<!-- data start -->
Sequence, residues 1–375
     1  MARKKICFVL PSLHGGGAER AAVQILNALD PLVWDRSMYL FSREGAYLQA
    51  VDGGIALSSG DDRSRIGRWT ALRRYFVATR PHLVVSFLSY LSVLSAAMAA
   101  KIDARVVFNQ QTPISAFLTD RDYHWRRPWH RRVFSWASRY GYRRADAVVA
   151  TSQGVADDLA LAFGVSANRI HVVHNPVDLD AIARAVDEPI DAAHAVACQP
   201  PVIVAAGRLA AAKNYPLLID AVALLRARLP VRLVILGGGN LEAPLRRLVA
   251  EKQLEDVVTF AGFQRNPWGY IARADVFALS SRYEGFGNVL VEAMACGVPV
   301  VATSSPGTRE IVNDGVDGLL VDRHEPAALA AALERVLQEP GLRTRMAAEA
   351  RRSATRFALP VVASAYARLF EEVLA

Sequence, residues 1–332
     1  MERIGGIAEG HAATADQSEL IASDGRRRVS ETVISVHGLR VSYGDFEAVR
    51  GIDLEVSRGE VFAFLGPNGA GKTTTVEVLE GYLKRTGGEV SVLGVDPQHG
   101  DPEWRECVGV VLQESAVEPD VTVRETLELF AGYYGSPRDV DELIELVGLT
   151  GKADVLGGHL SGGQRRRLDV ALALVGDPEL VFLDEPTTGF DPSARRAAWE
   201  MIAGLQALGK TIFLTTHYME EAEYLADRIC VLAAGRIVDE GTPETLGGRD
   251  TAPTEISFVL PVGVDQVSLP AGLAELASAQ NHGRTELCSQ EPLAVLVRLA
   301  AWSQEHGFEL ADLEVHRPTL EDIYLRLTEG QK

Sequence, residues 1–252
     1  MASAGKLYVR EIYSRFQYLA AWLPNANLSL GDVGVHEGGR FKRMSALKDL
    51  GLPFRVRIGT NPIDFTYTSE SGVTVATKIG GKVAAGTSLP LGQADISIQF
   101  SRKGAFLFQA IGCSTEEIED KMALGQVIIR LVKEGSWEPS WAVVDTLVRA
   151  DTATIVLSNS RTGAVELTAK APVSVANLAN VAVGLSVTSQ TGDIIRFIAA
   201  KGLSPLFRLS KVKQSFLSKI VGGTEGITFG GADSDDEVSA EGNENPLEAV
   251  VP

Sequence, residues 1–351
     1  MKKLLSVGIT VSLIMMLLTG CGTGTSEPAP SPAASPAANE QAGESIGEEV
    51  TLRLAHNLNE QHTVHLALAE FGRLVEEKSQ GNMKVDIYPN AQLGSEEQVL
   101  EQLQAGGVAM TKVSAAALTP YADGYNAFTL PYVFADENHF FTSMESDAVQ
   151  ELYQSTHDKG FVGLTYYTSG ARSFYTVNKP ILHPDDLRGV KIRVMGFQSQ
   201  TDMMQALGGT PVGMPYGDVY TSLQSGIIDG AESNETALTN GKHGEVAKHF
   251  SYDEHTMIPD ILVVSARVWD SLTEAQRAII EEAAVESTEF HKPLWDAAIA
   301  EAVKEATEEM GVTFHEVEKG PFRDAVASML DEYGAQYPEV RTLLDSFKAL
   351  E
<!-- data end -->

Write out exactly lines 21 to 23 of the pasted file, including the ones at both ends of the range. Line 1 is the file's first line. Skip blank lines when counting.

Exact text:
   101  SRKGAFLFQA IGCSTEEIED KMALGQVIIR LVKEGSWEPS WAVVDTLVRA
   151  DTATIVLSNS RTGAVELTAK APVSVANLAN VAVGLSVTSQ TGDIIRFIAA
   201  KGLSPLFRLS KVKQSFLSKI VGGTEGITFG GADSDDEVSA EGNENPLEAV